## Good collision points

Sage
Posts: 1,478
Joined: 2002.09
Post: #1
I know there are a few people on this board that have implemented some pretty good physics. What is a good way to estimate good collision points?

Many articles say to use the average of the penetrating vertices, but I'm using SAT to determine collisions. So if the SAT test registers a collision, but there aren't actually any penetrating vertices, that would be bad.

I've also seen that some simply apply an impulse at every vertex that is penetrating, but would you have to divide the impulses by the number of impulses, or would applying several full strength impulses be the correct thing to do? The impulses are also really expensive to compute, so applying many seems like kind of a bad idea. And what do you do if objects are colliding but there are no penetrating vertices?

What I've been doing is trying to get a good approximation of the centroid of the collision area. Unfortunately, this tends to make a box laying on the floor vibrate slightly because it ends up overcorrecting the motion of the body to satisfy the collision at the single point. Will applying impulses at all of the colliding points fix this?
Moderator
Posts: 1,140
Joined: 2005.07
Post: #2
I test collisions in the game I'm making find out if any of the edges penetrate. Basically, I find out what point a ray would intersect on the plane, see if it's within the bounds of the line, then see if it's within the bounds of the plane (basically take the dot products of all the vectors to the vertices, going around in a circle, and see if the angles add up to approximately 2*pi radians. You can skip a lot of calculations in the middle if certain things don't fall in range. It works quite well. I don't do any resting objects with physics etc., but I'm sure it wouldn't bee too difficult to figure out.
Sage
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Joined: 2002.09
Post: #3
By this point I already know that the objects are indeed colliding and what the collision normal is. And I actually am doing this for resting contacts so I need to know where the collision happened.
Member
Posts: 153
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Post: #4
I had a hell of a time figuring this out.

Basically you cant find the "penetrating vertices" you need to break it down into different types of penetrations. Vertice-Vertice, Vertice-Edge, Edge-Edge, etc... (depending on 3d or 2d). Once you know what "type" of collision it is it should be pretty obvious how to compute where you should apply the impulse.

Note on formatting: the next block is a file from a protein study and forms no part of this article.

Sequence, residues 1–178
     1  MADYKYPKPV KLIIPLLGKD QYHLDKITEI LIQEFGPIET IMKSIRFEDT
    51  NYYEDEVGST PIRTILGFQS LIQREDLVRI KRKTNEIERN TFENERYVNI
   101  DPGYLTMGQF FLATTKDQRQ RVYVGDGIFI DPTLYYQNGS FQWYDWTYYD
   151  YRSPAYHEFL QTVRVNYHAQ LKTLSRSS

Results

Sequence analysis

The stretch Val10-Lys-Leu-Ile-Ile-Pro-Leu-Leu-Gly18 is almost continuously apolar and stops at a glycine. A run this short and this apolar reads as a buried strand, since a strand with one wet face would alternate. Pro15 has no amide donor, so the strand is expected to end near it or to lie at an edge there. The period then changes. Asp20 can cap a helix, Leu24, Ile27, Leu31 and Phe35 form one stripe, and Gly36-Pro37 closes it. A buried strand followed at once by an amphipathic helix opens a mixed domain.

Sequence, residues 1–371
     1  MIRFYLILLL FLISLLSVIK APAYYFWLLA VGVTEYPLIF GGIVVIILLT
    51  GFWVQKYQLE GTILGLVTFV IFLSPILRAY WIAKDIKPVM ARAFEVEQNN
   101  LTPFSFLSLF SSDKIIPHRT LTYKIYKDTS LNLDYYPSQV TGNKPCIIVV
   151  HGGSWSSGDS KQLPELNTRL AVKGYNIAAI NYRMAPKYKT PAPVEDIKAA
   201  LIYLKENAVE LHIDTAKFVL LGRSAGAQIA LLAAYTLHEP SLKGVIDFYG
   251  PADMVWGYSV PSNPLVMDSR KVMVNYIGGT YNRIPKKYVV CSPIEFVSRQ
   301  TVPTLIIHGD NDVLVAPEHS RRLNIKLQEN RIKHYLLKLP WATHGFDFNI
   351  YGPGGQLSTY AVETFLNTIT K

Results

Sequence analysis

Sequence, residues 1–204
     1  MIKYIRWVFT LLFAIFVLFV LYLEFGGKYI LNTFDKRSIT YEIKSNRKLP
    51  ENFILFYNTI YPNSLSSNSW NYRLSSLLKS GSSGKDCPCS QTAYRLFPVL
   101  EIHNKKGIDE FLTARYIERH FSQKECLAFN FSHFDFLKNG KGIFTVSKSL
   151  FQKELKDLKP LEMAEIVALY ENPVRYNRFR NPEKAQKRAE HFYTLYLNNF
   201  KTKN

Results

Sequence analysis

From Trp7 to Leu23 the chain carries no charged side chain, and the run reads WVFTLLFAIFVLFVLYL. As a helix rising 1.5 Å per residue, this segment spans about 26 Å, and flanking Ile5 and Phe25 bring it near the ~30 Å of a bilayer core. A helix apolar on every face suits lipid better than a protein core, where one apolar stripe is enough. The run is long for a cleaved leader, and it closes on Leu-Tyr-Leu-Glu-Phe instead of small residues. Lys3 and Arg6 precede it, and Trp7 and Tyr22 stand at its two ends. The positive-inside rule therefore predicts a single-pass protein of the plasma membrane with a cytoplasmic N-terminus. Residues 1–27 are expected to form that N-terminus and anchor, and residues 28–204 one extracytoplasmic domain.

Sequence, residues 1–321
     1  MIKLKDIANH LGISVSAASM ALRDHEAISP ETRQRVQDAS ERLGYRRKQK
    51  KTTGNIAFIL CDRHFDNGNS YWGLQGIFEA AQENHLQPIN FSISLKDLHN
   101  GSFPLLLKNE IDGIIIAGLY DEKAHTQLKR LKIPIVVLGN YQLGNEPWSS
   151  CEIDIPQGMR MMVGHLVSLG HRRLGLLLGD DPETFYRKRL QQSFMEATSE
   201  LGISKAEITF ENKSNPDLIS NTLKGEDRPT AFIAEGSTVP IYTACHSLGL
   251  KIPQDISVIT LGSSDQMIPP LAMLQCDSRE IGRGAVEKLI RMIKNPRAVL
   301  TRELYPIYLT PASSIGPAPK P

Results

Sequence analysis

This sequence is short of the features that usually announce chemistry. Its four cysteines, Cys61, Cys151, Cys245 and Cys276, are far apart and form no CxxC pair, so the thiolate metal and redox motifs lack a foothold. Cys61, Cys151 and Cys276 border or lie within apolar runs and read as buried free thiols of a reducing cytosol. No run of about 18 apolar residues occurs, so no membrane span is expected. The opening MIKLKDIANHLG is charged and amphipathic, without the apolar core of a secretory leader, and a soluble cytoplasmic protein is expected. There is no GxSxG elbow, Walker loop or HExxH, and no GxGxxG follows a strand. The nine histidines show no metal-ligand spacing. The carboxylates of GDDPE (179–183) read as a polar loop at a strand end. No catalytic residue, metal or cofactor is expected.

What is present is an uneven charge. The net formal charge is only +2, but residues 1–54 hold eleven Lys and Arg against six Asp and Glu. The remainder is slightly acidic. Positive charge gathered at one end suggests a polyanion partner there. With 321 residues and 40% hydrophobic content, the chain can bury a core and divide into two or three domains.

Do you already do that?

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Sage
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Post: #5
If you want masses to rest on the floor you need to either allow multiple collisions per frame or find the mean of the locations of penetrating vertices and have a sufficiently large friction to compensate for the rebound.

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Sage
Posts: 1,478
Joined: 2002.09
Post: #6
hangt5: No I was hoping there was a simpler way that would work without trying to break collisions down into categories. (in 2D anyway) What exactly do you mean by vertex-vertex collisions? Would that be the case when two corners intersect?

What I am doing is using SAT to test for interference and find the seperating axis. So that somewhat blurs the need to determine if it's a vertex-face collision or corner-corner collision. (I think)

I think I might change it to allow for multiple collision points per collision. After thinking about it, this does make sense because each impulse will affect the relative velocity in the ones applied afterwards. I kept thinking that applying an impulse to both bottom corners of a box would be problematic because it would make it bounce twice as high as is should or some other nonsense.

I tested this by allowing a box to sit on two separate surfaces so that it would get collision impulses on two corners every iteration. This was significantly more stable than using a single collision point at the approximated centroid of the collision. So this seems like it might work.
Member
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Post: #7
Check this out.
Sage
Posts: 1,478
Joined: 2002.09
Post: #8
Andrew Wrote:Check this out.

Already using SAT, but thanks.